A

B cell lymphoma

 B

8, 14 translocation

 C

Can present as an abdominal mass

 D

Radiotherapy is the treatment of choice

Q. 14

All of the following statements about Burkitt’s lymphoma are true, Except:

 A

B cell lymphoma

 B

8, 14 translocation

 C

Can present as an abdominal mass

 D

Radiotherapy is the treatment of choice

Ans. D

Explanation:

Answer is D (Radiotherapy is the treatment of choice)

The treatment of choice for Burkitt’s Lymphoma is chemotherapy and not Radiotherapy.

‘Burkitt’s lymphoma responds well to short term high dose chemotherapy. Treatment of Burkitt’s lymphoma in both children and adults should begin within 48 hours of diagnosis and involves the use of intensive combination chemotherapy regimens’ – Harrisons

Burkitt’s Lymphoma is a B cell lymphoma

Burkitt’s Lymphoma are tumors of mature B cells – Robbins 7th/677

t (8;14) translocation is the most common translocation in Burkitt’s Lymphoma  Burkitt’s lymphomas are associated with translocation of the c-MYC gene on chromosome 8. Translocation

t (8; 14)

t (8; 22)

t (2; 8)

Burkitt’s Lymphoma may present with an abdominal mass

Most Burkitt’s Lymphoma presents at extranodal sites but may present with lymphadenopathy 

Extranodal sites of involvement include the mandible and abdominal viscera

`Burkitt’s Lymphomas may present with peripheral lymphadenopathy or an intraabdominal mass’ – Harrison

CNS involvement is frequent

The disease is rapidly progressive and has a propensity to metastasize to CNS, prophylactic therapy to CNS is therefore mandatory.

Burkitt’s Lymphoma is the most rapidly progressive human tumor


Q. 15

Which of the followings combinations of cytogenetic abnormality and associated leukemia/lymphoma is incorrect?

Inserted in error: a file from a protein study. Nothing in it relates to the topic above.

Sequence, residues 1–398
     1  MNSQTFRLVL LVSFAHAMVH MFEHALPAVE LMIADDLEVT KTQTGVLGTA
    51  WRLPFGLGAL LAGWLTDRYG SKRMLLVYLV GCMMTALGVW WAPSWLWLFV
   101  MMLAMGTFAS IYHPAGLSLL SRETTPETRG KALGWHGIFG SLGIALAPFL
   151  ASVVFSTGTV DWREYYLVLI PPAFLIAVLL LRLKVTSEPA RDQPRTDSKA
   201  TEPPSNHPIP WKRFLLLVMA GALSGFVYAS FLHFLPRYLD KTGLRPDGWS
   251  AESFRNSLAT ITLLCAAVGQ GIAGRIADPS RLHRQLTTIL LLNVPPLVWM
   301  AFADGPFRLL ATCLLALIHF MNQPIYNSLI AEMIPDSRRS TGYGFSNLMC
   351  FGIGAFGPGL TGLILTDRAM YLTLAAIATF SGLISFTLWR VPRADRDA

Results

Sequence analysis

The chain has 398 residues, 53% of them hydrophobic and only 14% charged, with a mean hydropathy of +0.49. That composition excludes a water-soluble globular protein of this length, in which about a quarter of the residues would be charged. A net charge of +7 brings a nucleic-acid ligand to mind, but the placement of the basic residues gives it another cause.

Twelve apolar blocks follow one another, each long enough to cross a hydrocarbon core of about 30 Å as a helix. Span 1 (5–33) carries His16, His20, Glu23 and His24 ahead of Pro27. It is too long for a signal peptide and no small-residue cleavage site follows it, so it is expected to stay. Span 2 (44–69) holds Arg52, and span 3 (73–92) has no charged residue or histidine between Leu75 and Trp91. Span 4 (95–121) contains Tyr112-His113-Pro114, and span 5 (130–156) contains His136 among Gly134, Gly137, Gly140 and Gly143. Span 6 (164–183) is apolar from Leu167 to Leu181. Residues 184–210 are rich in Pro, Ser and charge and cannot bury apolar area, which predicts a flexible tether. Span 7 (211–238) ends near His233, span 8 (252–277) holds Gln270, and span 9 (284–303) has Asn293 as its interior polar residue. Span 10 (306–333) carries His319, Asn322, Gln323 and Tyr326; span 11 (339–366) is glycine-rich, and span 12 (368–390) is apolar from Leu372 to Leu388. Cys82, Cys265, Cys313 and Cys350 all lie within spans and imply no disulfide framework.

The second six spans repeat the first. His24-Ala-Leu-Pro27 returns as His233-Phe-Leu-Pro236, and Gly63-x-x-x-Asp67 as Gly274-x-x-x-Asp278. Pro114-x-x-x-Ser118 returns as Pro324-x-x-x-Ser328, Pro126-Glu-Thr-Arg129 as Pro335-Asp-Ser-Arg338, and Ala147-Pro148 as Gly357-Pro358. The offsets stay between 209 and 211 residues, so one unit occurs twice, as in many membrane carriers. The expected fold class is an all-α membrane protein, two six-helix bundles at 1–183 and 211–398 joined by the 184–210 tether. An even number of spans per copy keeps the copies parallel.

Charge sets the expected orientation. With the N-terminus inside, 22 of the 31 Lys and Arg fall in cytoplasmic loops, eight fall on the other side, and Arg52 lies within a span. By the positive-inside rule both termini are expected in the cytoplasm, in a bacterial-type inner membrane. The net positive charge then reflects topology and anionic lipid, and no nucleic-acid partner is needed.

A

t (8:14): Burkitts lymphoma

 B

t (15:17) : AML-M3

 C

t (9:22) : CML

 D

t (9:20) : ALL

Q. 15

Which of the followings combinations of cytogenetic abnormality and associated leukemia/lymphoma is incorrect?

 A

t (8:14): Burkitts lymphoma

 B

t (15:17) : AML-M3

 C

t (9:22) : CML

 D

t (9:20) : ALL

Ans. D

Explanation:

Answer is D ( t(9; 20): ALL)

Acute Lymphoblactic leukemia (ALL) may he associated with t(4;11), t(9;22) or 1(8; 14) but association with 1(9; 20) is not seen.

Type of Leukemia

Translocation

 

Deletion (-) / Trisomy (+)

Chronic myelocytic leukemia (CML)

t(9; 22)Philadelphia

chromosome

 

‑

Acute Myoblastic Leukemia (AML)

t(8; 21),

t(9;22)

 

 

+8, 7-, 5-, 7q, 5q‑

Acute Monocytic Leukemia

t(9; 11),

t(11; 23)

 

 

‑

Acute Promyelocytic leukemia (M3)

t(15; 17)

 

 

 

 

Acute lymphoblastic leukemia (ALL)

t(4; 11),

t(9; 22),

t(8;

14)

20q‑

Chronic lymphocytic leukemia (CLL)

 

 

 

 

+12

Erythroleukemia

 

 

 

7q-, 5q‑

Polycythemia Rubravera

 

 

 

20q‑


Q. 16

All of the following statements about Mucosa Associated Lymphoid Tissue Lymphomas (MALT) are true, Except:

 A

Present at extranodal sites

 B

Predisposed by H. Pylori infection